Kurumbera Fort, Gaganeshwar Village, Paschim Medinipur District, West Bengal

An interesting fort complex built during the glory days of Bengal relegated to obscurity is the Kurumbera Fort which is at a little distance from Kharagpur. Kurumbera Fort which derives its name from kurum which means stone and bera which means fence and collectively means an area fenced by stone in the local language is located in the historically important village of Gaganeshwar in Keshiary Block. The twin villages of Gaganeshwar and Keshiary in Paschim Medinipur district was once a major centre of tassar silk. The immense wealth of trade and commerce led to a city being built around it that prospered till the British era.


Kurumbera Fort has always managed to intrigue both historians and architects for its unique style and layout. Legend has it that this fort was built overnight for Lord Rama and Sita Mata during their exile. An inscription found within the complex credits its construction to the mighty Raja Kapilendra Deva of the Suryavamsha dynasty who established the Gajapati kingdom. According to archaeologists and historians, this complex was originally conceived as a temple and expanded to accommodate devotees.


The main entrance leads to an open courtyard with arched corridors on all the four sides. The complex has a 15 feet high enclosure made of rough stone and lime plaster. The enclosure is about 312 feet long and 253 feet wide on the outside. The arched corridors are about 8 feet wide made of massive laterite blocks. The interior of the verandah appears to be divided into cloisters with each cloister having an arch that is approximately 10 feet high and a detailed lotus pattern on its keystone. The arches appear to be of the corbelled type indicating the inclination towards the Odia style of architecture. Historians say that there were originally 69 pillars but only 62 have survived.


The enclosure originally had a laterite temple dedicated to Lord Kapileshwar Shiva built as a saptha ratha in the typical Odia rekha deul style. The main temple faced west and would have been about 60 feet in height. Excavations have revealed a pathasala (probably a Veda pathasala), a secret tunnel and a deep well. There is a raised platform in the centre of the courtyard which might have been a sacrificial altar. The main structure and jagmohan have been desecrated either by Alauddin Hussain Shah or Aurangzeb with the plinth of the jagmohan serving as the base for the mosque built by Aurangzeb. The mosque is about 23 feet by 14 feet with three domes built in rubble masonry sitting on the original corbelled arches.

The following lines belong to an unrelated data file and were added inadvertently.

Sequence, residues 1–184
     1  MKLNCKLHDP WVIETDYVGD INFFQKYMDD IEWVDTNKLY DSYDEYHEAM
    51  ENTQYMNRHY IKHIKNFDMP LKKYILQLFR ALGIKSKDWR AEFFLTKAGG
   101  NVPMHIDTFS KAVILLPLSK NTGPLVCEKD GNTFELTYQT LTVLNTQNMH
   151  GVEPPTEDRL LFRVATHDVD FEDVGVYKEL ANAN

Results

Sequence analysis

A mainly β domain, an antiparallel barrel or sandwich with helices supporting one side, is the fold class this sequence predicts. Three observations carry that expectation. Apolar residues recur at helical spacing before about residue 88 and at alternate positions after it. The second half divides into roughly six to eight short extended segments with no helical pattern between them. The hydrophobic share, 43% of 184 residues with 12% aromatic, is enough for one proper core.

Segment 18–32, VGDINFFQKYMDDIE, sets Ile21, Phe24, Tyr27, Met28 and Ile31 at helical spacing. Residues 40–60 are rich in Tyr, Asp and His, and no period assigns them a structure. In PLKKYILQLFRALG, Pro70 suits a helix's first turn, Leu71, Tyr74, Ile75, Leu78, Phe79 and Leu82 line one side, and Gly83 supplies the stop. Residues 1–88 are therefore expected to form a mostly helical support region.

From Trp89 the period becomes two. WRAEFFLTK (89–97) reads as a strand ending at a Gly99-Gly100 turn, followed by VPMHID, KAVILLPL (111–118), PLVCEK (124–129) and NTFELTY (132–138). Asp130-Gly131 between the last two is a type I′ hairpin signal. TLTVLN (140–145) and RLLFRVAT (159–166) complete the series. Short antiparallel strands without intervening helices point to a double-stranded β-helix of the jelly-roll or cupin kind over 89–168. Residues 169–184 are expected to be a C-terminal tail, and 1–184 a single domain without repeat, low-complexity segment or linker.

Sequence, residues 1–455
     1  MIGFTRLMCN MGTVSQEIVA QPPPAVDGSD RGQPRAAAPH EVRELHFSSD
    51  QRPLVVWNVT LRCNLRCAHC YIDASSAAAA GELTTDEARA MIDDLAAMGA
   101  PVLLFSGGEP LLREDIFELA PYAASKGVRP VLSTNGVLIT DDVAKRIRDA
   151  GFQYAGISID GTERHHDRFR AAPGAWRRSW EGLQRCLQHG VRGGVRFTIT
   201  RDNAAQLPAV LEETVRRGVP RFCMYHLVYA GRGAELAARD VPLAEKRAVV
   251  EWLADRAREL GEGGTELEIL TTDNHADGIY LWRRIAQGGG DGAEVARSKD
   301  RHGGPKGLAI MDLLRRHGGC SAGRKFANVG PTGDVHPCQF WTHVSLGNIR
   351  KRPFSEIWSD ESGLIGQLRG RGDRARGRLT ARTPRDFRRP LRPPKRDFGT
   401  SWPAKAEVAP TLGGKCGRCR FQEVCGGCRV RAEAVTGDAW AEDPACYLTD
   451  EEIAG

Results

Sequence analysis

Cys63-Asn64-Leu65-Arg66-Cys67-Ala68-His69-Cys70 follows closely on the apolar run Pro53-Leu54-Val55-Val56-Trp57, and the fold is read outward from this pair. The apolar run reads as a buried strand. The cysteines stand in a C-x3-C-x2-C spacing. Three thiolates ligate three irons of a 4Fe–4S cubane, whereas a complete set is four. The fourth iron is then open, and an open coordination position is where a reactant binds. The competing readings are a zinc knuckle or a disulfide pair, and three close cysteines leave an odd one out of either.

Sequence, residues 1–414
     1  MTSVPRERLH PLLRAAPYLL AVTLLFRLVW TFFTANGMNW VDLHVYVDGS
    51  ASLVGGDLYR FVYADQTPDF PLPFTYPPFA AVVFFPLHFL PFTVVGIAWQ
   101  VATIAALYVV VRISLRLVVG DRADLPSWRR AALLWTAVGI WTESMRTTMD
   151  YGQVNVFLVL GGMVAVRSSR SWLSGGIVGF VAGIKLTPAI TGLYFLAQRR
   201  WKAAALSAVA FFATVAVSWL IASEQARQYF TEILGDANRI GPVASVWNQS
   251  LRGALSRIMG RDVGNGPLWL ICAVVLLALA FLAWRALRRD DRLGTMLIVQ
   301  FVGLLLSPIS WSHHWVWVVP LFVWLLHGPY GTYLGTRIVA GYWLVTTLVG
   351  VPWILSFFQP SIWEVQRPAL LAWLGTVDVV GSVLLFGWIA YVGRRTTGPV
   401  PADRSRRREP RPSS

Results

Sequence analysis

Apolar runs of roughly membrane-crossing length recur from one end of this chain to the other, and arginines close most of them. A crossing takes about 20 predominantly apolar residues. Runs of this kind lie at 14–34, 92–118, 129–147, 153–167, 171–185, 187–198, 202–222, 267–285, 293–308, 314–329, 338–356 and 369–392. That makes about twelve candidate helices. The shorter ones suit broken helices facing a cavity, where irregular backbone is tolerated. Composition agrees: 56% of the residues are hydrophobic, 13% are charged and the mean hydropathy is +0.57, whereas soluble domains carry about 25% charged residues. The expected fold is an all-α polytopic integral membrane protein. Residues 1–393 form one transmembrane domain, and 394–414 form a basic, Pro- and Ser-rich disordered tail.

Historians are of the opinion that the Yogeshwar kund that is seen in the front and the altar in the middle of the compound might have actually been the base of the Shiva temple as there is a water channel on the northern side where water would have run off when poured on the Shiva Linga. Locals however say that the temple was much bigger and located where the mosque was built later on and that the altar was a well which has been filled up with mud and stone. There is more evidence to support this theory as the western part of the corridor behind the mosque has collapsed revealing the various floral designs, lotus and other Hindu iconography on the roof.


One of the reasons why this complex was referred to as a garh or fort is probably because of the unusual enclosure wall though there is only a narrow entrance in the north. This structure does not have a moat or bastions or watchtowers or even layered ramparts. There is no evidence of any armoury or storehouses or barracks or even multiple sources of water. It was used as a cantonment during the British era.


Unfortunately, this temple turned fort remains shrouded in mystery and historical records have been unable to reveal anything. It would therefore appear to a layman that this structure was designed as a temple with a huge solid wall all-round but as it has been completely destroyed by invaders, one can only theorize what might have been.


Though this complex is a protected monument of the Archaeological Survey of India (ASI), historians, locals and architecture enthusiasts are saddened by the lack of publicity and tourist footfall seen in this place. This once magnificent structure is now a relic of the grandeur of Old Bengal.


Written by Lakshmi Subramanian


* Photos are only symbolic (Taken from public domain/internet and any copyright infringement is unintentional and regrettable)

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